Monday, October 02, 2017

Replica by Lauren Oliver

Anything by Lauren Oliver is a must-read for me, so it’s unsurprising that I would be a fan of Replica. It also helps that Replica is a unique foray into writing. Though there are likely other books with a similar structure, Replica is the first YA book in recent years I noticed using it.

It is two books in one. One half is from the perspective of Lyra, a replica (clone) living on a secret, illegal facility for monitoring and experimenting with clones. The other half comes from Gemma, the daughter of a former executive for the organization that funded this secret facility. The storylines converge when Lyra escapes the facility during an explosion, and Gemma sneaks onto the facility after hearing about the explosion. These perspectives remain separated in the physical book, and provide different versions of the same few days. The stories, although only containing a few identical scenes and interactions, complement each other.

Oliver said the book could be read in one of three ways. You could read Lyra’s perspective, then Gemma’s, or vice versa. Or you could flip between the stories chapter by chapter. While I imagine that would be a cool way of reading, it would slow the reading process a lot if you chose to constantly flip around the book. I therefore read Lyra’s book first, then Gemma’s. I am happy I picked that way because Gemma’s story was more spoiler-y for Lyra’s than Lyra’s was for Gemma’s. This meant diving into Gemma’s perspective of the same events still carried suspense and surprises.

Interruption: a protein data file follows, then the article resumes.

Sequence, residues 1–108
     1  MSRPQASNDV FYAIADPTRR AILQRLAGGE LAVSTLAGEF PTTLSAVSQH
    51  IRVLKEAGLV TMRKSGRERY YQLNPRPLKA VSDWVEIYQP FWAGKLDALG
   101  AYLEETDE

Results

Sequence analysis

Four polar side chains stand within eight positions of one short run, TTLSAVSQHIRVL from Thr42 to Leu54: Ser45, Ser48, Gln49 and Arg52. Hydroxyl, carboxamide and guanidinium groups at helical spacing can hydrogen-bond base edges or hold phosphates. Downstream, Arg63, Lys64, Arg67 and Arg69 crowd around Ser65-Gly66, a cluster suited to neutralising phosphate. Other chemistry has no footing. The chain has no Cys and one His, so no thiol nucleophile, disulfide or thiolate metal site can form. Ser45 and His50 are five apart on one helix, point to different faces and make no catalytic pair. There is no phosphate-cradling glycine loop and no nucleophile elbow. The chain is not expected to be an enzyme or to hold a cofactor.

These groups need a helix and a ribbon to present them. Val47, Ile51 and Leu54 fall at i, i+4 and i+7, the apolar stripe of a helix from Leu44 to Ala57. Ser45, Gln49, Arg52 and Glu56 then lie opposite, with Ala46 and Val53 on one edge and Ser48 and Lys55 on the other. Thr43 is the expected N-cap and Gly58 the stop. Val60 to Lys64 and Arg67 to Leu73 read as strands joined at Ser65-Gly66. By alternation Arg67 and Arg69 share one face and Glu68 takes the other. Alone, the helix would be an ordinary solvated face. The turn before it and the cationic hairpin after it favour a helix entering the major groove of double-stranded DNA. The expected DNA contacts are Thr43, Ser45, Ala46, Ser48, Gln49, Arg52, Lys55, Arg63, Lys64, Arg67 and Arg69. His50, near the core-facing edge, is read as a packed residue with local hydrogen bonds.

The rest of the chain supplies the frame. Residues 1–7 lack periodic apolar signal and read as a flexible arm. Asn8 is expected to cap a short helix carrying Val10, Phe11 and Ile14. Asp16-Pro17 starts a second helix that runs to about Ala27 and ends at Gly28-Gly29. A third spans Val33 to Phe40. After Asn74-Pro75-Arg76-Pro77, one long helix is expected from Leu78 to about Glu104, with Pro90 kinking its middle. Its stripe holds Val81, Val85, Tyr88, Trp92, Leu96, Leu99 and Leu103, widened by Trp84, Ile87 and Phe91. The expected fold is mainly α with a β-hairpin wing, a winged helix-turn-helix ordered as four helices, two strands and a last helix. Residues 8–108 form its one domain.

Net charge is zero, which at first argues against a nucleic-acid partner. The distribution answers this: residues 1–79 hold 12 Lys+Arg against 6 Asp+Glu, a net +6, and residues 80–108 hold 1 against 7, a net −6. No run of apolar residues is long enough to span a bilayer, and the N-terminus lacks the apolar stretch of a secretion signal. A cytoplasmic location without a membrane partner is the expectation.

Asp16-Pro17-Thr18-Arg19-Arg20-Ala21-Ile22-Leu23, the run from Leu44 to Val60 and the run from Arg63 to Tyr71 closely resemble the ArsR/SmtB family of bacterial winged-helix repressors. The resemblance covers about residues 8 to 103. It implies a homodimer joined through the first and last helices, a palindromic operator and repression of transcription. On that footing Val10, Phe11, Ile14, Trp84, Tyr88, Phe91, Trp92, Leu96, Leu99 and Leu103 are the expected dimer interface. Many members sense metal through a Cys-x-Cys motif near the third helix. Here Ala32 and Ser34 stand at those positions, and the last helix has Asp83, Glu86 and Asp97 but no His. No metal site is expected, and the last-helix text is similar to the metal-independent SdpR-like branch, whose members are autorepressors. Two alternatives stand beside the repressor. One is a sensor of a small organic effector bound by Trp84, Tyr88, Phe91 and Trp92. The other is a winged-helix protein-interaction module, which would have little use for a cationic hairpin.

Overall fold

The dueling perspectives limited the course of events that took place in the book, so it mostly feels like build-up to a longer, more action-packed book. By the end, the book revealed several huge secrets, meaning a lot has to be addressed in the sequel Ringer. Replica was the build-up and Ringer will be the aftermath.

After reading Replica you should read Ender’s Game, not because the books have a lot of similarities, but because Gemma has two cats named Ender and Bean. This subtle reference to the book makes me want to read Ender's Game again. More similar reads include Partials by Dan Wells, except with a lot more action scenes, and The 5th Wave, except with aliens instead of clones.

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